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June 30, 2009

The Myth of the Messianic Military: The Coup in Honduras

Just as the world was recovering from the turbulence convulsing Iran—the result of an election lacking anything resembling transparency and generally perceived as rigged—the Honduran military, with the support of members of that nation's Supreme Court and Congress, decided to forego the fraud and jump right to the coup.

It is the first military takeover in Latin America since the Guatemalan military ousted Jorge Serrano in 1993 (Serrano had dissolved Congress and suspended the Constitution). That coup did little to help Guatemala: All these years later, the country topples near failed-state status with a military deeply in bed with narcotraficantes, a murder rate near the highest in the world, and popular confidence in government institutions and democracy plummeting.

The fact that sixteen years have passed since the last coup in a region once plagued with them, however, betrays a flicker of hope that democratic institutions in the region are finally gaining some stability—a hope that this overthrow seriously degrades.

A form of governmental takeover once all too common in the region, coups have faded from view as militaries have largely adapted to civilian authority. This is a seismic shift in self-perception, for Latin American militaries historically considered their role vis-à-vis society as "messianic," in that military officers believed it was their responsibility to "save" the government from itself if democracy could not maintain sufficient order. Needless to say, their tolerance for disorder was minimal, and often this justification was used as a smokescreen to oust governments the military deemed too leftist.

However, despite a generally leftward turn in virtually every Latin American government, with the exceptions of Colombia and Mexico, the militaries have not risen up to seize power. This was an incredible testament to the increasing maturity and sophistication of the region's militaries, a trend that could arguably be attributed at least in part to changes at the Western Hemisphere Institute of Security Cooperation (previously known as School of the Americas) that involved instruction in human rights and respect for civilian oversight and authority. That trend, however, took a serious hit on Sunday, as did the reputation of WHINSEC as a beacon of institutional change in the region.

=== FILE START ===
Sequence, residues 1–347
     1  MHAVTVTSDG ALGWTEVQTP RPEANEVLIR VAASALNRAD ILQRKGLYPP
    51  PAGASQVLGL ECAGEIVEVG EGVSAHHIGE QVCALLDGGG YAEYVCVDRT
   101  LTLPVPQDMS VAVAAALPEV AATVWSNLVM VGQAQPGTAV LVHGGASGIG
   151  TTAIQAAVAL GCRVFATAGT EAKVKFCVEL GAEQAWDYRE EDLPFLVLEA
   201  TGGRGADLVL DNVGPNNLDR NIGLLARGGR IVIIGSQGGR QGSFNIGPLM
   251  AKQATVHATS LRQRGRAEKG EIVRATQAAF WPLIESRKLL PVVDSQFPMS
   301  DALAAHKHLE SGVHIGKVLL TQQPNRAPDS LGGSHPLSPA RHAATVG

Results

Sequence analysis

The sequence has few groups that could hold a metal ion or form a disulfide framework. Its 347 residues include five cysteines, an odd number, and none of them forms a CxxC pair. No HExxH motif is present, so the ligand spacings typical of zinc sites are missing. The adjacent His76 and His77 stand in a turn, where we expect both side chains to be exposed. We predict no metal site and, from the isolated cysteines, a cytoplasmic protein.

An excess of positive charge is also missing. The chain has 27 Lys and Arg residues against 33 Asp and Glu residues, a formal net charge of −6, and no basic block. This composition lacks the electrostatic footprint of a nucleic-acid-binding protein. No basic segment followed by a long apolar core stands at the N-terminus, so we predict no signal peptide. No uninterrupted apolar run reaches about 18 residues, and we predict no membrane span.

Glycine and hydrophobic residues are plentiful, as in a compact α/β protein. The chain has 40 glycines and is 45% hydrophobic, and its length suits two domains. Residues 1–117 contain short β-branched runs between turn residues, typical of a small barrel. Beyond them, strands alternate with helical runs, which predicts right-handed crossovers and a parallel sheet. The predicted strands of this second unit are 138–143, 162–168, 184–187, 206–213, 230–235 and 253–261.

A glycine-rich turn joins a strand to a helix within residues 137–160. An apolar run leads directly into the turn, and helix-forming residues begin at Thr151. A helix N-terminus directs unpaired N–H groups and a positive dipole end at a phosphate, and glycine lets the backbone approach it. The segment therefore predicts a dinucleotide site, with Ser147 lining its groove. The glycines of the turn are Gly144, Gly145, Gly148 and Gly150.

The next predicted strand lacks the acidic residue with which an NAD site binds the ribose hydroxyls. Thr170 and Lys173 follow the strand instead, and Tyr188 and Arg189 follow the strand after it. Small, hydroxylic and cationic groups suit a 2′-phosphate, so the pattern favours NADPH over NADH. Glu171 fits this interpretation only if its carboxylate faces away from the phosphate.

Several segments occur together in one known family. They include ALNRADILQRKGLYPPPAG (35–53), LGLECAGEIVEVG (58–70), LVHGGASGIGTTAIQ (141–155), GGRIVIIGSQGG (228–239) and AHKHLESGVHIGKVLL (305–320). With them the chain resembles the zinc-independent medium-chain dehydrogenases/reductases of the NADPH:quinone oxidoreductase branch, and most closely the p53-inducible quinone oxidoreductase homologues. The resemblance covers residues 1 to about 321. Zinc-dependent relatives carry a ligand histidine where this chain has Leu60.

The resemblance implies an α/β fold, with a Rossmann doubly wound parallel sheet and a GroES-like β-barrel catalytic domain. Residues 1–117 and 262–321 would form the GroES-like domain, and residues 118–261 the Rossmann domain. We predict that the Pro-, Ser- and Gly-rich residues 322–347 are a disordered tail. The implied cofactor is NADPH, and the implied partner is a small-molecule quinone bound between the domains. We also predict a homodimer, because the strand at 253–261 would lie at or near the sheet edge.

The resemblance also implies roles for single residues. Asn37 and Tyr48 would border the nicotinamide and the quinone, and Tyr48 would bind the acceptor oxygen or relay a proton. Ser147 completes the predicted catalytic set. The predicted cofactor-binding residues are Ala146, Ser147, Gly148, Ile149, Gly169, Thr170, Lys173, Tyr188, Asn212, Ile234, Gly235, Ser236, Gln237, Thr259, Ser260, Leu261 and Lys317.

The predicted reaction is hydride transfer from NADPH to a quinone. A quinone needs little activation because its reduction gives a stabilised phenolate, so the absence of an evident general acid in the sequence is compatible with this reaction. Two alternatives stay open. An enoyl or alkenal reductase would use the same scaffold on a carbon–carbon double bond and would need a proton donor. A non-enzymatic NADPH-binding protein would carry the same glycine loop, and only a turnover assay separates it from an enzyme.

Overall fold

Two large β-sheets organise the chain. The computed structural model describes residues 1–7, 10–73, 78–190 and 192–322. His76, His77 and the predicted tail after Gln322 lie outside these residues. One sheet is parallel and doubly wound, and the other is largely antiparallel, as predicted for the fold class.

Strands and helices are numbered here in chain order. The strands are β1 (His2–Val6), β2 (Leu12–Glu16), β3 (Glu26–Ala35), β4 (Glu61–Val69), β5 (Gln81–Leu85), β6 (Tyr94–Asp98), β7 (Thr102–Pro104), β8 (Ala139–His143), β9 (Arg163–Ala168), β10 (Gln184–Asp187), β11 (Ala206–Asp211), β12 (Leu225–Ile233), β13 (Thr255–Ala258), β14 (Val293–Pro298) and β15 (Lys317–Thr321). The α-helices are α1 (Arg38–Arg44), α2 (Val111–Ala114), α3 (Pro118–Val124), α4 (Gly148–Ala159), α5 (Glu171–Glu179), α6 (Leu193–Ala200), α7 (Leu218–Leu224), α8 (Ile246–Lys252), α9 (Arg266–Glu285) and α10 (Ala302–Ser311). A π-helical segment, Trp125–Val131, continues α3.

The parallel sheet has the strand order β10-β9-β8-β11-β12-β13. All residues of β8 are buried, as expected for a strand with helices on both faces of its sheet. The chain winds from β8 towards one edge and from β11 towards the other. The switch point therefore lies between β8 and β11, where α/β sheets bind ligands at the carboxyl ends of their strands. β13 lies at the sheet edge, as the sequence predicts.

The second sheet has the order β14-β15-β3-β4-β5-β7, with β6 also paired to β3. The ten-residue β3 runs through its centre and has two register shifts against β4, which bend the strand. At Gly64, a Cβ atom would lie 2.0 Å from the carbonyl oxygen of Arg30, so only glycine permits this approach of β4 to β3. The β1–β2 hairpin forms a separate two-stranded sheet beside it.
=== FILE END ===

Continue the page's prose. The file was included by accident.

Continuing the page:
Most of the military leaders involved in the coup have strong ties to the American military, but the coup took place during a transition in leadership at the US Southern Command. Admiral James Stavridis, USN, who has led SOUTHCOM for several years, was highly regarded in the region as a believer in human rights, cooperation and humanitarian missions (he now leads the US European Command). It is presently unclear what if any communications are taking place between US military leaders and their counterparts in Honduras.

Oscar Arias, president of Costa Rica, the country to which ousted Honduran president Manuel Zelaya was exiled, remarked: